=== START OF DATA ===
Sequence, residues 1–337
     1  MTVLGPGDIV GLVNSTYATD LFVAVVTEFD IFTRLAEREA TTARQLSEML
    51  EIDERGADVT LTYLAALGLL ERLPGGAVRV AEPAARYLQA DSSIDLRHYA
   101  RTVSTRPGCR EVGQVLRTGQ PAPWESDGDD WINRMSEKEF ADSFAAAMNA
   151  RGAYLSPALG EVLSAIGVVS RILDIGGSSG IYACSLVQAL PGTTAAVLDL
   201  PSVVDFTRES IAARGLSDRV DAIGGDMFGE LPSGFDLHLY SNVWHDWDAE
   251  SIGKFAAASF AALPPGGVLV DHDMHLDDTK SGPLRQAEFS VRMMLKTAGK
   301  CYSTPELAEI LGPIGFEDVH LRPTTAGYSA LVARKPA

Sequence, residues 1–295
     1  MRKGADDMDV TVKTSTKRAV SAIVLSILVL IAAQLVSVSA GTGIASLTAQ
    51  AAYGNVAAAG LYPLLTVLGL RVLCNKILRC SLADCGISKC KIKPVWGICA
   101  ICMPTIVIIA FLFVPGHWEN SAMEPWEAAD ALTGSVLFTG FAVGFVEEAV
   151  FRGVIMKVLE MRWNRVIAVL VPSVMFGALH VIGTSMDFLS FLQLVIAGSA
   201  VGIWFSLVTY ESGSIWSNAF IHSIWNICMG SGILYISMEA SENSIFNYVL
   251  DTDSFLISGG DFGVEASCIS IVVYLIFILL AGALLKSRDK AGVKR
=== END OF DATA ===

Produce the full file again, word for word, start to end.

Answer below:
Sequence, residues 1–337
     1  MTVLGPGDIV GLVNSTYATD LFVAVVTEFD IFTRLAEREA TTARQLSEML
    51  EIDERGADVT LTYLAALGLL ERLPGGAVRV AEPAARYLQA DSSIDLRHYA
   101  RTVSTRPGCR EVGQVLRTGQ PAPWESDGDD WINRMSEKEF ADSFAAAMNA
   151  RGAYLSPALG EVLSAIGVVS RILDIGGSSG IYACSLVQAL PGTTAAVLDL
   201  PSVVDFTRES IAARGLSDRV DAIGGDMFGE LPSGFDLHLY SNVWHDWDAE
   251  SIGKFAAASF AALPPGGVLV DHDMHLDDTK SGPLRQAEFS VRMMLKTAGK
   301  CYSTPELAEI LGPIGFEDVH LRPTTAGYSA LVARKPA

Sequence, residues 1–295
     1  MRKGADDMDV TVKTSTKRAV SAIVLSILVL IAAQLVSVSA GTGIASLTAQ
    51  AAYGNVAAAG LYPLLTVLGL RVLCNKILRC SLADCGISKC KIKPVWGICA
   101  ICMPTIVIIA FLFVPGHWEN SAMEPWEAAD ALTGSVLFTG FAVGFVEEAV
   151  FRGVIMKVLE MRWNRVIAVL VPSVMFGALH VIGTSMDFLS FLQLVIAGSA
   201  VGIWFSLVTY ESGSIWSNAF IHSIWNICMG SGILYISMEA SENSIFNYVL
   251  DTDSFLISGG DFGVEASCIS IVVYLIFILL AGALLKSRDK AGVKR